“You actually do look fat in that dress.” “No, I don’t really love you.” These are just some of the things you would undoubtedly hear yourself saying if you lived in a world where lying is something no one is capable of. “The Invention of Lying” presents us with just that scenario. While it relies too much on this almost gimmicky premise, “Lying” is still sweet and funny.
Mark Bellison (Gervais) inhabits a world where everyone tells the truth. The mere idea of lying isn’t even a possibility. While closing out his account at his local bank, something inside Mark’s brain snaps, and he suddenly finds himself able to lie about anything and everything. He now has the world at his fingertips, but when he tells a comforting lie to his mother on her death bed, the whole town looks upon Mark, since he’s the only person who knows what’s going on, to give them the truth, and he’ll have to lie to satiate their ever-demanding needs.
Fans of Gervais and the British version of “The Office” are bound to enjoy his performance. He employs that straight-laced, dead-pan style of acting that he’s best known for. It’s this delivery of lines that employs some of the biggest laughs. Garner, for as brutally honest as her character is, is rather demure in her role. Tina Fey, although she’s only in the film for around five minutes, gives a very funny performance as a woman who truly lets her boss know everything she’s thinking.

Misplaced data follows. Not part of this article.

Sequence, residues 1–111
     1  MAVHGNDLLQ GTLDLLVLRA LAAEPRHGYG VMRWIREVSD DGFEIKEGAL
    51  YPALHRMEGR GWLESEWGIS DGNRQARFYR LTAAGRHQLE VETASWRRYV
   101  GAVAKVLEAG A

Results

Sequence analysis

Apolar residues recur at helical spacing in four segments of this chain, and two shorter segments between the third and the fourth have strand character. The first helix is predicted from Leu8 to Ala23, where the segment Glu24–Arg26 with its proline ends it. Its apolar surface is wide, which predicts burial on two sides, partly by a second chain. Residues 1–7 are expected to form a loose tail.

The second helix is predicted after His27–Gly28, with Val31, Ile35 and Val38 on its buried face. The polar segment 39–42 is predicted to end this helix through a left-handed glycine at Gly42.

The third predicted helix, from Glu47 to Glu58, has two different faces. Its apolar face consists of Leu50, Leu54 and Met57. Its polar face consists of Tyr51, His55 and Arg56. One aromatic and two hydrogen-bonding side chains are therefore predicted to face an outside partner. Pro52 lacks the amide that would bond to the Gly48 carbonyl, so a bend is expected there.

The most entertaining aspect of “Lying” comes in the second half, when the film takes an unexpected turn. For most of the film, Gervais uses his ability to lie as a means to gain everything he’s ever wanted. But when it’s found out that he seems to know about what happens after you die, things start to spin out of control and Gervais begins to feel responsible for the lies he’s told the townspeople. This situation makes for some great satirical comedy, especially when Gervais explains to them that “The Man in the Sky” is responsible for both the good and bad that has happened to everyone. Unfortunately, the satirical aspect of “Lying” does not get played to its full potential. There are a lot of sight gags involved, but it’s not saying as much as it could be.
For a comedy that uses lying as its backbone for laughs, the film still manages to exude some moments of sweetness. These scenes come through when Gervais realizes that lying is not going to get him everything he wants and the only way to truly get the woman he loves is if she realizes for herself that he’s the one for her.
My main complaint with “Lying” is how nearly every single one of its jokes relies heavily on the fact that these people need to tell the truth. While it makes for a lot of awkward situations that provide comedy, it doesn’t change the fact that the entire film is based around this slim premise.
Gervais steps behind the camera with co-screenwriter Matthew Robinson to co-direct his first feature-length film. Gervais is obviously competent behind the camera, but there’s nothing really there that stands out. It’s a middle-of-the-road production with rather flat camera work. They both know what they’re doing, but nothing really seems to jump out and pop.
“Lying” provides enough laughs to keep the audience entertained but still remains a relatively shallow film. If anything, it’s worth checking out an inexpensive matinee showing.